As shown in FIG. 2, the vertical support plate or member 20 is mounted at the upper end of a stand formed by a main upright 18, a pair of angled supports 28, a cross leg 24 which is horizontal, and a further leg 26 that forms a stable stand. Pins, bolts, screws or other positioners or fasteners 22 can be used to locate the stand to the kiln floor 30. This provides a vertical support member 20 without requiring any engagement with the stack and also without requiring any free kiln wall space as with the prior art.
As shown in FIG. 1, and in a manner which already disclosed in the prior art, a signal from the senor 13 can be supplied to a control unit 32 for signal processing. A control signal can then be supplied to environment control units such as heaters and humidifiers, shown only schematically at 34, which control the environment in a kiln as shown schematically at 36. Although, FIG. 1 shows strain gauge 13 connected to control 32 by a wire, it is understood that wireless transmission of signals can also be used in accordance with the present invention. For example, telemetry transmission via radio or other signals can be used.
In FIG. 3, sample board 12 is shown suspended from a clamp 38. A threaded knob 40 can be used for engaging different samples to the clamp. Clamp 38 is suspended from a threaded bushing 42 which receives a threaded rod 44 that can be turned, for example manually by a knob 46, to change the suspension position of the sample as shown schematically by double arrow 48. This offsets the suspension point from the location on vertical support 20 at which the sensor 13 is mounted, to achieve the proportioning function of the present invention. Any other mechanism which is known to the person having ordinary skill in the art can also be used for adjusting the second position at which the sample 12 is suspended from the first position on support member 20 to which the sensor 13 is fixed.
The invention has discovered that it is not always preferred or possible to limit the weight of the samples due to variations in physical size and type of wood that is to be dried.
Current sensors and support circuitry are limited in capacity and resolution. Senor capacity, "F", is a fixed physical property of the sensor itself. Sensor capacity represents the largest force that can be measured by the sensor. Sensor force resolution, "R", is typically dependent on the sensor and the supporting electronics, and is a fixed fraction of the total capacity of the sensor:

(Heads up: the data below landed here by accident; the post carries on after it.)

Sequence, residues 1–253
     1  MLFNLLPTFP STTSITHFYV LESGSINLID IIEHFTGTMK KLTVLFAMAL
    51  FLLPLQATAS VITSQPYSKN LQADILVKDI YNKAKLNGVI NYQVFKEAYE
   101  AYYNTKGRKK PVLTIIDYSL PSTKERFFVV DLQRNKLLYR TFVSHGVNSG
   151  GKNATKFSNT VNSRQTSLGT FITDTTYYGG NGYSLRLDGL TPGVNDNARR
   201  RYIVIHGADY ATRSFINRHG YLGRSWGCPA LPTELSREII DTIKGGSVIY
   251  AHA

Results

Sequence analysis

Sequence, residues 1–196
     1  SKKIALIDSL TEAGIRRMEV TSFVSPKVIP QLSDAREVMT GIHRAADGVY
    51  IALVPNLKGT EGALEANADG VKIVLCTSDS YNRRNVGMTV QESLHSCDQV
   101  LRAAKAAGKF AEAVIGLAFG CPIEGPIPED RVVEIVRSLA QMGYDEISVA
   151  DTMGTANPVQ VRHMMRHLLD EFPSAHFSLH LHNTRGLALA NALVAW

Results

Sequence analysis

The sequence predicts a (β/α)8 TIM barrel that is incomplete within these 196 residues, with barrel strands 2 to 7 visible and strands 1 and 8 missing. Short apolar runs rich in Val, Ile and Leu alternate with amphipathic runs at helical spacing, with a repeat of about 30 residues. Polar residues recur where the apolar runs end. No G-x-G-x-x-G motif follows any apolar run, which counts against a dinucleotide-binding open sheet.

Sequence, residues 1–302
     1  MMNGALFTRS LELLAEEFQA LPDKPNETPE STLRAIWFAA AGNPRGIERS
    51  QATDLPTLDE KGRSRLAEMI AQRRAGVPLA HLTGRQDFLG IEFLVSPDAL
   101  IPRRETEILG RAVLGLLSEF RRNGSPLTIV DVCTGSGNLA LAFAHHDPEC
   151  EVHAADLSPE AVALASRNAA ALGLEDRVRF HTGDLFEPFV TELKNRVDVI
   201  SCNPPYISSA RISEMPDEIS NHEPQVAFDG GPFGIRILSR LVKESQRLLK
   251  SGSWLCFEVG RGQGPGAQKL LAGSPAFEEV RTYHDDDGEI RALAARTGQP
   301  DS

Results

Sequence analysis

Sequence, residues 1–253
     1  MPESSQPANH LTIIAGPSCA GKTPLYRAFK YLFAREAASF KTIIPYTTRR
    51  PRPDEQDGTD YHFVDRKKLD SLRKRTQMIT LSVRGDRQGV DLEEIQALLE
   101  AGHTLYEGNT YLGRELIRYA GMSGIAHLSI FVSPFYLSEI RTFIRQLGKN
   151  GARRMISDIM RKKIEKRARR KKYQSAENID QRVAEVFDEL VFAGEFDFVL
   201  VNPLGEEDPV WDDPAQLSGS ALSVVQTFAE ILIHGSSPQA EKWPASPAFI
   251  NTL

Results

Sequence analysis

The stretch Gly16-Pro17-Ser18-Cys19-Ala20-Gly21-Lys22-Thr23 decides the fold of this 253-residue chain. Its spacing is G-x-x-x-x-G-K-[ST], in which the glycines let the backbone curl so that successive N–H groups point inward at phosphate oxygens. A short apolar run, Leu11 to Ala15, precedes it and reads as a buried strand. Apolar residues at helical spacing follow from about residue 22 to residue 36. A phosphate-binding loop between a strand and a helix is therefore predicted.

where C is a constant. Sensor force resolution represents the smallest change in force that can be detected by the sensor.
The prior art determined the weight of the samples by suspending the samples from the sensor mounted on an appropriate fixture, via a clamping mechanism. (See FIG. 2 in U.S. Pat. No. 5,325,604 or FIG. 3 in U.S. Pat. No. 5,775,003 for example). The resultant force exerted on the sensor is equal to the applied force of the weight of the wood sample plus the weight of the clamping mechanism. In this fashion, the weight of the wood sample was limited to the force rating of the sensor in two ways.
1) The weight of the wood sample and clamping mechanism could not exceed the maximum rating of the sensor; and
2) The weight of the wood sample must be of a minimum weight such that the change in wood sample weight representing the necessary rate of change in moisture content of the wood sample for control purposes, a fixed fraction of the total wood sample weight, is greater than the sensor resolution.
The present invention increases the usability of the fixture by allowing for wood samples that would otherwise be beyond the capacity limit or below the resolution limit of given sensor mounted in the fixture.
In the examples below, it is assumed that the dimensional deflection of the sensor is much less than the "x" or "y" dimensions, essentially creating a fixed geometry. Also, the weight of the apparatus is a known constant and can be removed from the calculations.
For a given sensor with a specified maximum force capacity of "F" units installed in the prior art (U.S. Pat. Nos. 5,325,604 and 5,775,003) the maximum wood sample weight that can be used can not exceed the equivalent of "F" units of force. In this manner, a wood sample having a weight of:
Wood sample weight=1.5*F=Applied Force=Resultant force
could not be measured because the resultant force exceed the capacity rating of the sensor.
With the present invention, the resultant force applied to sensor is manipulated by allowing the end user to vary the "x"/"y" dimensional ratio. If "x" and "y" are positioned such that:
In this manner the same wood sample of:
Wood sample weight=1.5*F=Applied force=Fa would have a resultant force:
applied to the sensor in the present invention. The 3/4 F value is less than the maximum force F of the sensor, and therefore can be measured.
For a given sensor installed in the prior art with a capacity of "F", a minimum detectable change in force, dF, is defined as:
where "R" is a constant.
For the prior art, a wood sample is chosen with:
Wood sample weight=Ws=Fa.
The minimum change in wood sample weight representing the necessary change in moisture content of the wood sample for control purposes, "dWs", is a fixed fraction of the total weight of the wood sample:
where Ws is the wood sample weight and Cw is a constant.
In the prior art,